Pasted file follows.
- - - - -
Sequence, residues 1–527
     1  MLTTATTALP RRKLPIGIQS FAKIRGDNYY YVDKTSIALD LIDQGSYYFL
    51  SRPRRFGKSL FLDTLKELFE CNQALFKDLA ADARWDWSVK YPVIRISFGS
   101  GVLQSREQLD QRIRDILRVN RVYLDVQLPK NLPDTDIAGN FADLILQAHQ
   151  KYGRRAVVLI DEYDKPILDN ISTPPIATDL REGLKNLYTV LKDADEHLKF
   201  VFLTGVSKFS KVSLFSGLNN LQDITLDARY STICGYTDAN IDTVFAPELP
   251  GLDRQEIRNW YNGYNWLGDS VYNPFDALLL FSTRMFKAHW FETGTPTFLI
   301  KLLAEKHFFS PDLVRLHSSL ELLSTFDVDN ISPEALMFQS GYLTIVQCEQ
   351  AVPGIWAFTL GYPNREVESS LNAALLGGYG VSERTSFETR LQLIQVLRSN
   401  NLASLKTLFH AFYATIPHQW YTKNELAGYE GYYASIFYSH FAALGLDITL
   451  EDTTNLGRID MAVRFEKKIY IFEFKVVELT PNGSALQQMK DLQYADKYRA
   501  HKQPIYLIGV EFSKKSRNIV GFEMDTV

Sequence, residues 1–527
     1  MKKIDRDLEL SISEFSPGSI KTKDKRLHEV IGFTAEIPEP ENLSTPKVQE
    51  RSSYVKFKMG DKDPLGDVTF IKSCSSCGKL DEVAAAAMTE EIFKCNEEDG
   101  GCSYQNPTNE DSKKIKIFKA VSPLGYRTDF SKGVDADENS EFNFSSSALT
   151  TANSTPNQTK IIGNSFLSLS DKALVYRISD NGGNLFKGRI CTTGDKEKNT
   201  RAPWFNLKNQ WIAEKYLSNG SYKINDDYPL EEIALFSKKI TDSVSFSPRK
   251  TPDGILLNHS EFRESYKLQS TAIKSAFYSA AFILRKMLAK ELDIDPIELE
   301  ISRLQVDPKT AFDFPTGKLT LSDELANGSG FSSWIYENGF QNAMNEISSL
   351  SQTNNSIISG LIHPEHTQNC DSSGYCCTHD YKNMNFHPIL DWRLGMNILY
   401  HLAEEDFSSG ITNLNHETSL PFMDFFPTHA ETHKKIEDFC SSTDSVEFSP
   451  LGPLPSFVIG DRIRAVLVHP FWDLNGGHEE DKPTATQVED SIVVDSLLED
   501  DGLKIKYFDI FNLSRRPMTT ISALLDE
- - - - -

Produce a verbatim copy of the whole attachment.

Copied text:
Sequence, residues 1–527
     1  MLTTATTALP RRKLPIGIQS FAKIRGDNYY YVDKTSIALD LIDQGSYYFL
    51  SRPRRFGKSL FLDTLKELFE CNQALFKDLA ADARWDWSVK YPVIRISFGS
   101  GVLQSREQLD QRIRDILRVN RVYLDVQLPK NLPDTDIAGN FADLILQAHQ
   151  KYGRRAVVLI DEYDKPILDN ISTPPIATDL REGLKNLYTV LKDADEHLKF
   201  VFLTGVSKFS KVSLFSGLNN LQDITLDARY STICGYTDAN IDTVFAPELP
   251  GLDRQEIRNW YNGYNWLGDS VYNPFDALLL FSTRMFKAHW FETGTPTFLI
   301  KLLAEKHFFS PDLVRLHSSL ELLSTFDVDN ISPEALMFQS GYLTIVQCEQ
   351  AVPGIWAFTL GYPNREVESS LNAALLGGYG VSERTSFETR LQLIQVLRSN
   401  NLASLKTLFH AFYATIPHQW YTKNELAGYE GYYASIFYSH FAALGLDITL
   451  EDTTNLGRID MAVRFEKKIY IFEFKVVELT PNGSALQQMK DLQYADKYRA
   501  HKQPIYLIGV EFSKKSRNIV GFEMDTV

Sequence, residues 1–527
     1  MKKIDRDLEL SISEFSPGSI KTKDKRLHEV IGFTAEIPEP ENLSTPKVQE
    51  RSSYVKFKMG DKDPLGDVTF IKSCSSCGKL DEVAAAAMTE EIFKCNEEDG
   101  GCSYQNPTNE DSKKIKIFKA VSPLGYRTDF SKGVDADENS EFNFSSSALT
   151  TANSTPNQTK IIGNSFLSLS DKALVYRISD NGGNLFKGRI CTTGDKEKNT
   201  RAPWFNLKNQ WIAEKYLSNG SYKINDDYPL EEIALFSKKI TDSVSFSPRK
   251  TPDGILLNHS EFRESYKLQS TAIKSAFYSA AFILRKMLAK ELDIDPIELE
   301  ISRLQVDPKT AFDFPTGKLT LSDELANGSG FSSWIYENGF QNAMNEISSL
   351  SQTNNSIISG LIHPEHTQNC DSSGYCCTHD YKNMNFHPIL DWRLGMNILY
   401  HLAEEDFSSG ITNLNHETSL PFMDFFPTHA ETHKKIEDFC SSTDSVEFSP
   451  LGPLPSFVIG DRIRAVLVHP FWDLNGGHEE DKPTATQVED SIVVDSLLED
   501  DGLKIKYFDI FNLSRRPMTT ISALLDE